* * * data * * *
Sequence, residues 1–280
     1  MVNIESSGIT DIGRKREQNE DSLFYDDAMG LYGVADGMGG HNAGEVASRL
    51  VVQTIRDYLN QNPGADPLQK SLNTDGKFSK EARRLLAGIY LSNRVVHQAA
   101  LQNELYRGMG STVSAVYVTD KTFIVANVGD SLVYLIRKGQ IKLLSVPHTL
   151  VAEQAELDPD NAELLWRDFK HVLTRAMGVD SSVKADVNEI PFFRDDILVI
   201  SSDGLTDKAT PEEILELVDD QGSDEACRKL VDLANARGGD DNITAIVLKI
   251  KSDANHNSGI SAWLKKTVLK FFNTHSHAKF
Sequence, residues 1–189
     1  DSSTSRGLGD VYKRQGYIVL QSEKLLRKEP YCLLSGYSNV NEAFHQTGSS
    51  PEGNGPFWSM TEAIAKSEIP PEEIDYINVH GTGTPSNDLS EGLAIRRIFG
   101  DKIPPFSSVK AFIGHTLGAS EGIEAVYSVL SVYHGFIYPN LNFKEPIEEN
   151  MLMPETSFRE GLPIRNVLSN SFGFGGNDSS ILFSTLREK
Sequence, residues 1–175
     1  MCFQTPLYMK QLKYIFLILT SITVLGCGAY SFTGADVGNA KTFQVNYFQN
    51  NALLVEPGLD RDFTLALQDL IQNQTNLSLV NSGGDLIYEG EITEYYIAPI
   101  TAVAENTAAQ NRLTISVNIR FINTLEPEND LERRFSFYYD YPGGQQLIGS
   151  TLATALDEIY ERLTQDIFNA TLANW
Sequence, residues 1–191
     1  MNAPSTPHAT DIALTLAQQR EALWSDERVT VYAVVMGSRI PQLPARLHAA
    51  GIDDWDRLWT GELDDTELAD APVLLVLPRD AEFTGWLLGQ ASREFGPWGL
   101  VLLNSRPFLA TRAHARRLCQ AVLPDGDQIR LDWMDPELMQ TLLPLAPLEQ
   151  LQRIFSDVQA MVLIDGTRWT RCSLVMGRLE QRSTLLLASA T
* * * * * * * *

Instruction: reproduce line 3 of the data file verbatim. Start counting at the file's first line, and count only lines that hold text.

    51  VVQTIRDYLN QNPGADPLQK SLNTDGKFSK EARRLLAGIY LSNRVVHQAA